ANAHEIM, Calif. -- Shohei Ohtani's situation isn't just complex, it's unprecedented.
One hundred years had passed since a major league player simultaneously handled pitching and hitting the way Ohtani did during his first 10 weeks with the Los Angeles Angels. Now Ohtani is nursing a tender elbow that saps his ability to pitch without actually affecting his ability to hit, igniting a recovery process for which there are no parallels.
In other words, the Angels have unintentionally taken on the responsibility of crafting the blueprint for rehabilitating two-way players.
They don't seem to mind.
"It actually kind of fits the way that we prefer to operate here," Angels general manager Billy Eppler said. "It pushes us more into a mindset of staying present rather than trying to worry about the future or trying to obsess over the past and things like that. It keeps us, really, present-focused."
That present, from which Eppler refuses to stray, looks like this: Ohtani has a Grade 2 sprain of the ulnar collateral ligament of his right elbow, which basically constitutes a partial tear. In hopes of avoiding Tommy John surgery, the Angels -- specifically Steve Yoon, an expert in the field of orthobiology -- injected Ohtani's ligament with platelet-rich plasma and stem cells, part of a low-risk, conservative treatment plan that uses a patient's own blood to accelerate regeneration.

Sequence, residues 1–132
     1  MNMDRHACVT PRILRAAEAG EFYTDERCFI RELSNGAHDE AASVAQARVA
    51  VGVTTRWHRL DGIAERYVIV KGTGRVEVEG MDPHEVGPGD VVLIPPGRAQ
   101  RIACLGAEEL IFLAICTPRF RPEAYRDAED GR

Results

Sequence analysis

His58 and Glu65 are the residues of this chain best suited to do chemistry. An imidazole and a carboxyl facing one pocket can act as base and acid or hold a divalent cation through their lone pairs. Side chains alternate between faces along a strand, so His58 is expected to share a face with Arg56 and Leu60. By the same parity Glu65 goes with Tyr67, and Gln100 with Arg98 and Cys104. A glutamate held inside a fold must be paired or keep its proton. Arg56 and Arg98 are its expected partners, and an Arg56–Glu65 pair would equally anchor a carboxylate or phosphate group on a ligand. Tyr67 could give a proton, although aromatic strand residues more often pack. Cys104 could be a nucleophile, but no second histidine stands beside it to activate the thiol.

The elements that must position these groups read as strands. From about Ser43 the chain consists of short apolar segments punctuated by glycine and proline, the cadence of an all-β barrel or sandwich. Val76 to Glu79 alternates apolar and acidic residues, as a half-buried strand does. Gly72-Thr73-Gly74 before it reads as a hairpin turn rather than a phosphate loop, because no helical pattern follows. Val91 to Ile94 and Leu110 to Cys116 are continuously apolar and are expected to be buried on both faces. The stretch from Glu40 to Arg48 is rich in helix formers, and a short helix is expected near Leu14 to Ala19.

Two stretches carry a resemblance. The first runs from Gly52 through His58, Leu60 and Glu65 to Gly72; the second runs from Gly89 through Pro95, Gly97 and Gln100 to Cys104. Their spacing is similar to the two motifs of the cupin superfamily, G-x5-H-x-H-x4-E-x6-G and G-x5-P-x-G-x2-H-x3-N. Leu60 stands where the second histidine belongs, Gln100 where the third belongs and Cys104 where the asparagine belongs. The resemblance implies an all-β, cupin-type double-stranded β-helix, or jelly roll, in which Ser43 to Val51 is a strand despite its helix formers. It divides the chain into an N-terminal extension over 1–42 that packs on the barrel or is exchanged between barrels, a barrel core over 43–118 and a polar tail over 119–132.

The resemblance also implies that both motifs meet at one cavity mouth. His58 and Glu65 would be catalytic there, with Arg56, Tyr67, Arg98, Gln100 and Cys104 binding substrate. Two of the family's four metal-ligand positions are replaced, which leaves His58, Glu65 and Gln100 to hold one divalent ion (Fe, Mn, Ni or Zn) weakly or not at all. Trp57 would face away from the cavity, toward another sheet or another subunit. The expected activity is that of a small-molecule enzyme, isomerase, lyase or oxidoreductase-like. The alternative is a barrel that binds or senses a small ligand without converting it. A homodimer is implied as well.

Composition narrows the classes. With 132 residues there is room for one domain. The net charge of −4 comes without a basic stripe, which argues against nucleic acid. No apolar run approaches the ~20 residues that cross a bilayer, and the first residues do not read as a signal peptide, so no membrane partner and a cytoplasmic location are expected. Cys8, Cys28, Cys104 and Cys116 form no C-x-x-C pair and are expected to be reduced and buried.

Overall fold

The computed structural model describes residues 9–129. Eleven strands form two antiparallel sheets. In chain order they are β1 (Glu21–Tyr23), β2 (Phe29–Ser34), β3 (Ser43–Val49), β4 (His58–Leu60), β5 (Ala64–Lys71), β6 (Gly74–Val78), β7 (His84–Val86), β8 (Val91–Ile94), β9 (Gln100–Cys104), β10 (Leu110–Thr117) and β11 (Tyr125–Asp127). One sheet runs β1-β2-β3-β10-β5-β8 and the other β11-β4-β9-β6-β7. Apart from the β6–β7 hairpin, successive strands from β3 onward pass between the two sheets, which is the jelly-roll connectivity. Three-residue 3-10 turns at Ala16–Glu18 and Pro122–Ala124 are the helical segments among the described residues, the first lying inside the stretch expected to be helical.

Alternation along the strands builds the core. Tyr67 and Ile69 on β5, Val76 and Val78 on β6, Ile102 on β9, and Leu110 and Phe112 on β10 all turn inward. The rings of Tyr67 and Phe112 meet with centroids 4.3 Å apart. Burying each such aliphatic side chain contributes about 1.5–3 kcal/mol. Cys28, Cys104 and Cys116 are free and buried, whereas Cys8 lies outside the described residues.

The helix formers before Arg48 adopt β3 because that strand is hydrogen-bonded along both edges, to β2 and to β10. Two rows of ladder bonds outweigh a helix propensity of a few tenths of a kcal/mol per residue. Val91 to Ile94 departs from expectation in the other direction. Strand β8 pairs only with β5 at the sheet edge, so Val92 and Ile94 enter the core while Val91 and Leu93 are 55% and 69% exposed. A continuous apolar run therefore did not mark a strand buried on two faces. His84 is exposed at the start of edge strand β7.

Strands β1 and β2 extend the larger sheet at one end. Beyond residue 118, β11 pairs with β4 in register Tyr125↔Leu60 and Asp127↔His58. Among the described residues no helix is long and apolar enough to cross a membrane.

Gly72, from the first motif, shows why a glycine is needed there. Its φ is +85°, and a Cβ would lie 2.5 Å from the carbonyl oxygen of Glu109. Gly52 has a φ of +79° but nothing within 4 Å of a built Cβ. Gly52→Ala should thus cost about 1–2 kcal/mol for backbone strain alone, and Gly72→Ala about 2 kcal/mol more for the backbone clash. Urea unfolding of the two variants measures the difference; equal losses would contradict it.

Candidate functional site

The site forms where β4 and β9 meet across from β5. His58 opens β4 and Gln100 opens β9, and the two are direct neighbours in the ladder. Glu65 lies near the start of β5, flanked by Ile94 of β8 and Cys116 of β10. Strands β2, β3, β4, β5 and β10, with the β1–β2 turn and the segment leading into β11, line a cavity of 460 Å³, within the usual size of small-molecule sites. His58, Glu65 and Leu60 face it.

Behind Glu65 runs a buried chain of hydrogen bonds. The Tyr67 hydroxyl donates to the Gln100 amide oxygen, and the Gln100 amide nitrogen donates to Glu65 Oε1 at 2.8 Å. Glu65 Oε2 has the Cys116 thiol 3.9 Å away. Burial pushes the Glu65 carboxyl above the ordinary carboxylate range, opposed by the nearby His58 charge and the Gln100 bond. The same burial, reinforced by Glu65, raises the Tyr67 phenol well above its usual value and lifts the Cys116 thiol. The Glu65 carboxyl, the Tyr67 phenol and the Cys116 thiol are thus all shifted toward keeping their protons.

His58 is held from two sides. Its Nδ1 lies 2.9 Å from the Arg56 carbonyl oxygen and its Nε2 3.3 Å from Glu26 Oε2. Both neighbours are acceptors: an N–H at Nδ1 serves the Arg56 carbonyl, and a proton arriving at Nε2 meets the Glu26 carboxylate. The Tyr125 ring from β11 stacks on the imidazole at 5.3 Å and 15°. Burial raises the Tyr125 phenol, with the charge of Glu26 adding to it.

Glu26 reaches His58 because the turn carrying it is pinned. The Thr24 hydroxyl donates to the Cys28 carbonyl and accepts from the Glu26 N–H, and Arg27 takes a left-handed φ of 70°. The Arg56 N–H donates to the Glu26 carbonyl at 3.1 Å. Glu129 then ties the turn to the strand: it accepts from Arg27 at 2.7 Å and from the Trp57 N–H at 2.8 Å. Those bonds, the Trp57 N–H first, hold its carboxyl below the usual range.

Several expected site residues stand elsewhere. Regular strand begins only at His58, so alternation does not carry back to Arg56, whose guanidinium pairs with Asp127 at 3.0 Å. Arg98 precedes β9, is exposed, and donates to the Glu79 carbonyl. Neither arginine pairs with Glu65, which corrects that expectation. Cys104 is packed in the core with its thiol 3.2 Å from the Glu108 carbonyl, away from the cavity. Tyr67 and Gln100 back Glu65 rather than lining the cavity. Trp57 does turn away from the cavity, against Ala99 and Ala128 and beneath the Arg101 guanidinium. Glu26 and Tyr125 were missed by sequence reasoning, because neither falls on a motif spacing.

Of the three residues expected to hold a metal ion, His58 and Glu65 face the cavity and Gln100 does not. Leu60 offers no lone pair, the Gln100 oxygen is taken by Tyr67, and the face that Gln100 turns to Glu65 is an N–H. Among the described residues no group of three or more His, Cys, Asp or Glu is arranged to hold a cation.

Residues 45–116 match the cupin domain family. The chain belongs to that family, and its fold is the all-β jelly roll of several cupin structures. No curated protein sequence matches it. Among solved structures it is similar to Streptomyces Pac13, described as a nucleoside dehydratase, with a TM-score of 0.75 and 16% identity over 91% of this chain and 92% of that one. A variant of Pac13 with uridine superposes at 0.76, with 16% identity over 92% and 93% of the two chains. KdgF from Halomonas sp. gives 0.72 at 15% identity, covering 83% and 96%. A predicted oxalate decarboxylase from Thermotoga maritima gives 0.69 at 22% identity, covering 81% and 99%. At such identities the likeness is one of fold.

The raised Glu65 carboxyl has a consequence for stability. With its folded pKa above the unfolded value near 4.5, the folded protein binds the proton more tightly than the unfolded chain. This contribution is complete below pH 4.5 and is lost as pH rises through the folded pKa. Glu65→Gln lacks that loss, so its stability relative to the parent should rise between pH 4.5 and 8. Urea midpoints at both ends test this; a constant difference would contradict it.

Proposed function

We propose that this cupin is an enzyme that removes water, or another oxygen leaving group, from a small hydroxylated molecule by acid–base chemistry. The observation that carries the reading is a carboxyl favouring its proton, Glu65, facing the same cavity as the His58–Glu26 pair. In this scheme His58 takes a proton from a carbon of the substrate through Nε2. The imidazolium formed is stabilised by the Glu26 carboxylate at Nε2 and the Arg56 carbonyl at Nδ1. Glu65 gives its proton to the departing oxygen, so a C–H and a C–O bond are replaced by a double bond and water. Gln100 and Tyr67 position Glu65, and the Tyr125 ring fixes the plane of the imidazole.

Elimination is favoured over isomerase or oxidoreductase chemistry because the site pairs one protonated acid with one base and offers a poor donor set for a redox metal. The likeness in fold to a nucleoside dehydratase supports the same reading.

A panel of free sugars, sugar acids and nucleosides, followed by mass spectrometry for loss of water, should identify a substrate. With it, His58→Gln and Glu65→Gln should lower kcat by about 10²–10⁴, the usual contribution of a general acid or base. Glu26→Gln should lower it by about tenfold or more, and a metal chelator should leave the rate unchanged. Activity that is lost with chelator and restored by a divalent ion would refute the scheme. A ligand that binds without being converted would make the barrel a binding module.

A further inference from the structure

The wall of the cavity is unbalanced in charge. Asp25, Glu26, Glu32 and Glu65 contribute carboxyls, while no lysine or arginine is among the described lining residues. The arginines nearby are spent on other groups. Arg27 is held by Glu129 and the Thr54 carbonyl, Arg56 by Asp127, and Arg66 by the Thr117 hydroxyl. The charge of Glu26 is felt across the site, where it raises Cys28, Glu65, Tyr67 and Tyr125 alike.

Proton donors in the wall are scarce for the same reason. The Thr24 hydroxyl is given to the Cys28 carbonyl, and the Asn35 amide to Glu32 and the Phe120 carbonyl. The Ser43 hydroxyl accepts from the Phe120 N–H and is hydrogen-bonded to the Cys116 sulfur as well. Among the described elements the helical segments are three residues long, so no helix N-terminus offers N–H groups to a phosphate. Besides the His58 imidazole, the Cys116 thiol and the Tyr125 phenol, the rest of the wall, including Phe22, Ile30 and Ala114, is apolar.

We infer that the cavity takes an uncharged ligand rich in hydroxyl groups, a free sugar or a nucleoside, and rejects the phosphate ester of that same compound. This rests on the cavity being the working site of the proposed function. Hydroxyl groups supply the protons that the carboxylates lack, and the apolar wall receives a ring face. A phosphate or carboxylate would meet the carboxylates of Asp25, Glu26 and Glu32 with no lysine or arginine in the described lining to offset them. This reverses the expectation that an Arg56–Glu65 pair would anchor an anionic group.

The Angels plan to re-evaluate Ohtani on Thursday, three weeks after the procedure. But a detailed plan for his recovery may take even longer to map out.
Staying flexible, Eppler said, is "critical" in this circumstance.
Ohtani, with a .907 OPS and a 3.10 ERA as a rookie, could conceivably help as a hitter while recovering as a pitcher, a concept the Angels seem to be open-minded about. But the possibility of Tommy John surgery, which typically knocks pitchers out for at least 14 months, complicates everything.
"I think that's kind of jumping," Eppler said, "and the only reason why is because nobody has said 'surgery' to me. So I'm not going to think about it until somebody who's a qualified M.D. tells me to think about it."
For now, the Angels seem to at least be thinking about giving Ohtani a chance to hit. The 23-year-old has spent more than a week swinging a bat with his left arm in order to keep his hips active. On Friday, he stood in for Felix Pena's bullpen session to track pitches and maintain some semblance of timing.
Eppler claims he has not yet spoken to Ohtani about the possibility of hitting while he recovers as a pitcher.
"Right now it's rest mode," Eppler said. "And when it moves out of rest mode and into action mode, then we'll talk about those things."
What, specifically, would "action mode" entail for baseball's most captivating player?